Airport security measures revisited

by Connor Soudani

After the terrorists attacks of September 11, 2001, Americans came face-to-face with their untested and false sense of security.  Now, the Transportation Security Administration is telling Americans that their closely held fears about someone bringing a knife on a plane, will be realized.

The TSA chief, John Pistole, has declared that their new policies which allow passengers to bring certain types of baseball bats, hockey sticks, golf clubs, pool cues, lacrosse sticks, ski poles and small knives onto planes will continue as planned despite opposition.

Despite the multitude of new items passengers are allowed to bring onto a plane, the advent of the new knife policy is causing the most uproar.  The blades are allowed to be 2.36 inches or six centimeters in length and no more than half of an inch at their widest point.  They are also not allowed to have a locking or fixed blade or a molded grip.  However, fear remains as Americans remember the box cutters that were used to hijack the American Airlines flights on September 11, 2001.

Political Science Professor Michael Artime is not surprised at the public response and said he believes that it is justified.  Artime also said that the policies put in place for over a decade now have cultivated fear in the minds of passengers.

“The TSA has been telling people that your toothpaste has to be a certain size, you can’t bring nail clippers onto the plane, you better take off your shoes and stand on your head before you go on a plane,” Artime said.

Demonstrating that everything passengers do in the process of checking people onto a plane prevents them from harm, is evidence to people that one should be afraid of everything from your cell phone to your water bottle.

“I think that the public response to that is very rational to say ‘wait, you have told me that…I can’t bring a soda on the plane, now you’re telling me that I can bring a knife on a plane and I’m supposed to feel safe about it?’” Artime said.

In addition to public outcry from potential passengers, the new policy is also receiving backlash from flight attendant unions and pilot unions that argue that the policy is unnecessary and unsafe.

However, senior Lauren Loudon, whose father serves as a captain for Alaska Airlines, said that even those fears are somewhat overblown.  Her father is an Federal Flight Deck Officer, and Loudon says she does not fear for his safety even with this new policy.  As a part of the FFDO program run by the Federal Air Marshal Service, a pilot can be licensed to carry firearms for defending the flight deck against 9/11-style attacks.  Additionally, Loudon said that she flies more than anyone she knows and that while she has seen her fair share of drunk people and flustered passengers on flights, she is not concerned.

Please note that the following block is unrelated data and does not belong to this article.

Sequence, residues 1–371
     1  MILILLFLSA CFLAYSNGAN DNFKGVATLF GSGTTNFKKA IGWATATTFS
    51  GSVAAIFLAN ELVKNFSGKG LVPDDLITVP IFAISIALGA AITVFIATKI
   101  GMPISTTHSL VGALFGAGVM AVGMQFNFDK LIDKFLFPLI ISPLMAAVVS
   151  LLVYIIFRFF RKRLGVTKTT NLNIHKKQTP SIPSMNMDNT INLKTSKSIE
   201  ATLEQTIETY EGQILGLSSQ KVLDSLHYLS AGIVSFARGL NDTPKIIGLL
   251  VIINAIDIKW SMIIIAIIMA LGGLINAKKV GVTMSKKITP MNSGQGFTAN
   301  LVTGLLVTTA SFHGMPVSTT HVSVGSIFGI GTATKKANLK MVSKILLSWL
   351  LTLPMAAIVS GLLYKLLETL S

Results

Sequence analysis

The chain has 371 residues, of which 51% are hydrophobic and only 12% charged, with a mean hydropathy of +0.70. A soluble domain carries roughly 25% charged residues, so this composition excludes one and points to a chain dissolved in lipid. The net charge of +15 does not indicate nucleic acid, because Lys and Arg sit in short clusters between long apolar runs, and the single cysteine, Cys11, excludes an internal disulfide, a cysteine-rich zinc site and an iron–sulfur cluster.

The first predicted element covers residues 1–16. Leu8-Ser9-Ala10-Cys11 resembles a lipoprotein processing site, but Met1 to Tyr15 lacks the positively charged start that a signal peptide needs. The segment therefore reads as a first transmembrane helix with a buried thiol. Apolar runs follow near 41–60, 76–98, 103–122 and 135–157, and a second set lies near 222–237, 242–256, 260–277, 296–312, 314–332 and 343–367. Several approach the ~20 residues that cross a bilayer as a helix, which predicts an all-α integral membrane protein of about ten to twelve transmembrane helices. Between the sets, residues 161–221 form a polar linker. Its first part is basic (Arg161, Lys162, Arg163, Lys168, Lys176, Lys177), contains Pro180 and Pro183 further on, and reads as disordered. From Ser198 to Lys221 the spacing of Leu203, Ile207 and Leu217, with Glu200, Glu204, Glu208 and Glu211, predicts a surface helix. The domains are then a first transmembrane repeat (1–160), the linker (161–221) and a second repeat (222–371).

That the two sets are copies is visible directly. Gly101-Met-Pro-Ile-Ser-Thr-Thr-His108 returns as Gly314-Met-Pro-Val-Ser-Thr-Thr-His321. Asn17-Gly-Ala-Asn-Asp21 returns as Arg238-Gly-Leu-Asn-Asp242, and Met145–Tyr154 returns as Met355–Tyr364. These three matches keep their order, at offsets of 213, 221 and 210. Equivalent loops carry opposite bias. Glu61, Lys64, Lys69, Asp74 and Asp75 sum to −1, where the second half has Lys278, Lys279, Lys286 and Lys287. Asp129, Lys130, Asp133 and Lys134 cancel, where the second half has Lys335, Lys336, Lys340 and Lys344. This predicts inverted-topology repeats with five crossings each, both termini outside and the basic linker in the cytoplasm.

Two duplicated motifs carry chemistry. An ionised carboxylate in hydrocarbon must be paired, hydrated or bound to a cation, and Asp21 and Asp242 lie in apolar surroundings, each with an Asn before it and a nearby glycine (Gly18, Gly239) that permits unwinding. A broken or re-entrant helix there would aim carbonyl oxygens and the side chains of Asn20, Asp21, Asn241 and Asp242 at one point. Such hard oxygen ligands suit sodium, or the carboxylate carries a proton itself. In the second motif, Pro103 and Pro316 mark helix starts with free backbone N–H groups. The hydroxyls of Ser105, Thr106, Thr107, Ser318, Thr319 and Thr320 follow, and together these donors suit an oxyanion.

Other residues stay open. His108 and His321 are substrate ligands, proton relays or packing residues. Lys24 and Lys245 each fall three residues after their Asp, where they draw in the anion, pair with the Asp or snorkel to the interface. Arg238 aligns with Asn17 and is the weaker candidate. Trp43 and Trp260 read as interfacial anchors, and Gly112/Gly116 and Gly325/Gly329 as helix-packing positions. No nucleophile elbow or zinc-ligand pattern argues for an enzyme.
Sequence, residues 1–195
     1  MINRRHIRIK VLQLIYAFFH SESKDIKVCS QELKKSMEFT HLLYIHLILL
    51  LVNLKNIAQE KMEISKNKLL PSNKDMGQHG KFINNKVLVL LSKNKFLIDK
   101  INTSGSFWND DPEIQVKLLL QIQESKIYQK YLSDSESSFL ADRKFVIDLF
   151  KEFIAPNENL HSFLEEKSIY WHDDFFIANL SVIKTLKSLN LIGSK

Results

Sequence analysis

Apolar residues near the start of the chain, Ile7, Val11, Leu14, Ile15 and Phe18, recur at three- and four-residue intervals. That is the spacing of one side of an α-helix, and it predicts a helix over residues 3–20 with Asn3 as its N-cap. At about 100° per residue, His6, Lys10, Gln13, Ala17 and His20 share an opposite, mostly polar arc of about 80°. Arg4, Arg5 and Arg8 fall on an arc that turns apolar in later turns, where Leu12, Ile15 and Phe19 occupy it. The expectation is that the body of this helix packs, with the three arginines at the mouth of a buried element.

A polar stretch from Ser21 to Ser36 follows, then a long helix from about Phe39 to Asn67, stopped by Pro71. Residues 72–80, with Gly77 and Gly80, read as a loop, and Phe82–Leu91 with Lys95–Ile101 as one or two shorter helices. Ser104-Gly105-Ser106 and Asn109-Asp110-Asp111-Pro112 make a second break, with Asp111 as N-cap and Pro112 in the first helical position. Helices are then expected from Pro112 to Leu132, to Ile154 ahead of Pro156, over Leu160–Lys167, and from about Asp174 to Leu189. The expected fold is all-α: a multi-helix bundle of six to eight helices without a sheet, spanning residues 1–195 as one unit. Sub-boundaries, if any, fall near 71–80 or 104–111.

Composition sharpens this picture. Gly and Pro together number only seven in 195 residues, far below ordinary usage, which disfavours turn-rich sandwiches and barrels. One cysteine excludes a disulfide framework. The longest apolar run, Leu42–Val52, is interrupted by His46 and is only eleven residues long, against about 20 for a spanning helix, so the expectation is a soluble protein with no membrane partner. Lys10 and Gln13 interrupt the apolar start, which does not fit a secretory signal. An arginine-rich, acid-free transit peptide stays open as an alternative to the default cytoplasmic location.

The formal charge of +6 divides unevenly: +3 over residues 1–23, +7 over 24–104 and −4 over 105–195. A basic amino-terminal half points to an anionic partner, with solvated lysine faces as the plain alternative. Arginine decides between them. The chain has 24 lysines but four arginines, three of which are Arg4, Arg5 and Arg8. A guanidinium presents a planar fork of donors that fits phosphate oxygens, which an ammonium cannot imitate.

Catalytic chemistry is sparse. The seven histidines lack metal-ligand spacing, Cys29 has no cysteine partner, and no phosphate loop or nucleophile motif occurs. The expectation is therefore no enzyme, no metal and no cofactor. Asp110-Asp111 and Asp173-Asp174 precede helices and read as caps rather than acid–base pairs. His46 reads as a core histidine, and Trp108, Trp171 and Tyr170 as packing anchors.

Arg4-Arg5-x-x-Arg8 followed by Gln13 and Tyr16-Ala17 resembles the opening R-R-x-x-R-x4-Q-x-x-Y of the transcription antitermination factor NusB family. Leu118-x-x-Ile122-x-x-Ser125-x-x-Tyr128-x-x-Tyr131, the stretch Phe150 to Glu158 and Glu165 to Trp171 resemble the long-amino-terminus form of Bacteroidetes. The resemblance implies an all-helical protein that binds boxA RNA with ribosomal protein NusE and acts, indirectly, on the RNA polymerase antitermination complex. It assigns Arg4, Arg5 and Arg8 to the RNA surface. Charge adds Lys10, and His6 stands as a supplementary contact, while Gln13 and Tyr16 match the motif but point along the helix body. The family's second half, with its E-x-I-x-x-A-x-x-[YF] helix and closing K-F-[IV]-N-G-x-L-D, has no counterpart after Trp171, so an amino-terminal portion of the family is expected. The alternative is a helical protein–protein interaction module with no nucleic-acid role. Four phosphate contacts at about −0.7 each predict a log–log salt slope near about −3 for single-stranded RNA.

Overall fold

“Flight attendants are very well-equipped to handle a situation involving a reckless passenger,” Loudon said.  “They receive extensive training and are much more well-equipped than most people realize.”

Artime said that it ‘flies in the face of’ everything that we’ve been told to allow us to take knives onto a plane, and that flight attendant and pilot fears go back to the nature of 9/11.

“There’s not a logical progression here.  It’s not like we’re taking small steps forward.  People hear that, ‘yes, now given everything that you’ve been taught we’re going to allow people to carry knives on a plane,’” Artime said.  “I think you could not expect a different reaction from people who have been brought up very much being taught to fear many different things.”

Along the same lines, sociology professor Raja Tanas said that the fear of terrorism has instilled that fear into America and captivated the people.  However, he is adamant that the public’s reaction to this policy change has exploded out of proportion.

“It’s really not a threat and…I think it’s ignorance and lack of information that makes people fearful, and before people talk they should really try to understand and look at it very carefully before throwing things out.  Information, information, information.  People have to be informed,” Tanas said.

In addition, Artime says that however improbable it is, the chance of something happening is still a possibility.

“I think that is what we have been taught after September 11, that there is a percentage chance that this could be used as something dangerous so we might as well not allow people to bring it on a plane,” Artime said.

Another, somewhat overlooked, contributing factor to the TSA’s decision comes in response to the time it takes a passenger to get through a security checkpoint.  Tanas said that this policy will do wonders for efficiency.

“They are already finding these knives and collecting more than 2,000 of them a day.   Now when they see them in your pocket they are not going to discuss it.  Can you imagine?  Even if it takes one minute or maybe two minutes or three minutes to talk to the passenger about this knife…that time is wasted.  It will expedite the movement of the line for the passengers and save time for the TSA,” Tanas said.

In the end, the fact that Americans know that taking down a plane and flying it into a building is a possibility, changes the situation from twelve years ago.

Tanas said that no one in those planes on September 11 thought in their wildest dreams that the terrorists were aiming to do what they did.

“If, for example, they knew, maybe two or three people would have sacrificed themselves, but they had no idea, no clue…I think, God forbid, if it happens again, passengers will deal with that differently of course,” Tanas said.

Contact Connor Soudani at csoudani16@my.whitworth.edu

Note: A correction was made to this story regarding the number of knives being collected each day. The number was mistakenly reported as 200,000 instead of 2,000.

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